Saturday, October 30, 2010

I, Scandal

I've been thinking about my penultimate post, "Rock."  I came across the quote I shared while working on a word study for a seminary class on the Greek word skavndalon, usually rendered "stumbling block."  The quote struck me because it opened up this story about Peter and Jesus in a fresh way and clarified how much I, like Peter, am offended by the cruciform nature of Jesus's mission.

In the story, found in Matthew 16, Peter swings wildly from being right on ("You are the Messiah") to being wrong wrong wrong ("This must never happen to you").  I have been swooning these past few years, ever since N.T. Wright switched me on to it, over the glory of the resurrection and the excitement of Christian eschatological hope.  It seemed the cure to what ailed me--namely the deep-seated unsettling I experienced as a history major learning about the cruelty and rampant injustice of humanity's past, present and future.  Not that the immediate nastiness of evil has been removed by this hope, but that we have the promise of a good king coming to settle the accounts.  Eschatological passages like Psalm 2 have become simultaneously chilling and thrilling, since the future they imply is both scary (the implication of God wreaking havoc on the kings of the earth seems frighteningly violent and chaotic) and wonderful (the kings of the earth are, by and large, power-hungry, greedy, murdering bastards--explicitly or implicitly).  Sorry, classical liberalism, I just don't buy your metanarrative.*

Yet, for all my trembling adoration of the coming king, I have suspected myself of not fully tangling with the cross.  It's convenient to exult in the righteous warrior (which I do not intend to cease doing) and easy to forget the suffering servant.  Any good Christology must embrace both, however discordant they might feel, and recognize they are inextricably and causally linked.**  Jesus has established the archetypal pattern for being fully human, for realizing the full potential of God's original charge that man might "have dominion" over the earth.  And that pattern is marked first and foremost by the cross:  self-sacrificing love for others as part and parcel of an unflagging commitment to God's purposes for humanity.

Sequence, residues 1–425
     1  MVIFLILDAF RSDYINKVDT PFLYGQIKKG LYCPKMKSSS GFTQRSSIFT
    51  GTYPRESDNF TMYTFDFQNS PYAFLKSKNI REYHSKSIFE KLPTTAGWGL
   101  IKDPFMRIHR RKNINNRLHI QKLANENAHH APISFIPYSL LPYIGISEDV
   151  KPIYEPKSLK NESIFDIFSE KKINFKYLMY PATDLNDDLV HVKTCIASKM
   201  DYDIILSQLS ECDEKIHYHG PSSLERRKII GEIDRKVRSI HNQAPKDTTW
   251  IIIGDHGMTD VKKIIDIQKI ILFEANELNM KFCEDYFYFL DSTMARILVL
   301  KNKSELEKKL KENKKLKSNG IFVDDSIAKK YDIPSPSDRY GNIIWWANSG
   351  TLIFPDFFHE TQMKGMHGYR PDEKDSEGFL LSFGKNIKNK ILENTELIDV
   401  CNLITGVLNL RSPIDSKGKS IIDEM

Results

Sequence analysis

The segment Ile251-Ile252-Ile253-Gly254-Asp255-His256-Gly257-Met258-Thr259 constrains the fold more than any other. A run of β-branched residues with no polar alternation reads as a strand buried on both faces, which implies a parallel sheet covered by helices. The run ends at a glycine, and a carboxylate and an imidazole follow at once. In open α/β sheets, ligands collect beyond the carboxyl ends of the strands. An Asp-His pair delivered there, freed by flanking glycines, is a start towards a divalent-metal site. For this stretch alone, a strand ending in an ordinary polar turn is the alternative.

Like Peter, I find myself scandalized by this notion.  It's all well and good to state it as a concise bit of biblical theology as I just have, but quite another thing to wrestle with its full existential implications.  As the rogue once said, "Good against remotes is one thing.  Good against the living--well that's another."  And, honestly, I'd rather my cosmic judge conform to the classical, Greco-Roman hero ideal.  Aragorn trotting that horse passionately before the black gate.  Luke nailing the rat-sized exhaust port.  McFly with the left hook to Tannen.  Mr. Incredible flinging the car into Syndro's plane.  That satisfying comeuppance of evil which often caps off the hero's journey of training and self-actualization.

We do get that with Jesus.  He's coming back to tear down the kingdoms of this world and finalize his own.  But between now and then, he's calling his people to fulfill their creational mandate to be image-bearers, and he's calling them through the cross.  This is where I live:  enraptured by the dream of eschatological glory and filled with dread at the cruciform path which leads there.  With Peter I exclaim, "You are the messiah!" only to quickly remonstrate "This must never happen to you."  What I'm really saying, what I'm really pleading is "This must never happen to me."  I am a skavndalon to the purposes of God in my life, and I want to want to change.

Lord Jesus Christ, Son of God, have mercy on me--a sinner.  Grant me your grace, strength and perseverance to tread the path you've laid out for me, to trust that you will vindicate me in the end if I will only follow you with all trust.  Deliver me from fear and timidity; make me the man you've always intended--enable me to realize my potential to bear your image and, through you and the power of the Holy Spirit, be a blessing to this world.

*That we can hope for political power to uphold justice and prevent chaos, to solve the basic problem of global human society.  But I voted for Obama and don't regret it, so chew on that.
**Philippians 2:5-11; Revelation 5:12.

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